In this work we have implemented four variants of the growing hierarchical recurrent SOM and the cooperative systems. We made experiments on voiced segment of continuous speech. The system is composed of three main components: first, signal filtering, vowels mel cepstrum coefficients production. The input space is composed by 16 ms frames of 12 mel cepstrum coefficients. 3 middle frames are selected for each phoneme. The second component is the learning module. The third component is the phoneme classification module.

Each output unit of the proposed GHSOM variants and the cooperative systems is described by a general centroid vector and information relating to each phoneme class described by a mean vector, a label and an activation frequency.

TIMIT corpus was used to evaluate the proposed systems in continuous speech and speaker independent context. TIMIT database contains a total of 6300 sentences, 10 sentences spoken by each of 630 speakers from 8 major dialect regions.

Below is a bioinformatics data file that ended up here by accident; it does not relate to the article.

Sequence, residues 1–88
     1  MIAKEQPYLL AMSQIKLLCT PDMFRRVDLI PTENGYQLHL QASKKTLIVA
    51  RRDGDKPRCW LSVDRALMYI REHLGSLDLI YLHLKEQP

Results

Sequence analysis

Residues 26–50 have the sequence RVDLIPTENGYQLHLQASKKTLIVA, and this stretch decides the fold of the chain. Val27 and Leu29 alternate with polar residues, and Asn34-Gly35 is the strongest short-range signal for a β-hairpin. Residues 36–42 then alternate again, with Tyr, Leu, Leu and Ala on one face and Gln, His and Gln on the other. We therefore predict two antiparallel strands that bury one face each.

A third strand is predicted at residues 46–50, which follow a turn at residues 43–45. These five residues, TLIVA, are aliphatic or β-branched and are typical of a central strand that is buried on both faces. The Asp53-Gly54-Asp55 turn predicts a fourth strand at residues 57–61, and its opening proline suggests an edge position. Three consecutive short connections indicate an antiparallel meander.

The data is recorded at a sample rate of 16 KHz at 16 bits per sample.

In experiments, we used the New England dialect region (DR1) composed of 31 males and 18 females.

We have implemented the cited GH_RSOM variants and compared each isolated subsystem with the cooperative systems. For all experiments parameter г1 which controls the actual growth process of these models is set to 0.7 and the parameter г2 which controls the minimum granularity of data representation is set to 0.02. All maps are trained for 200 iterations and the memory coefficient is set to 0.35.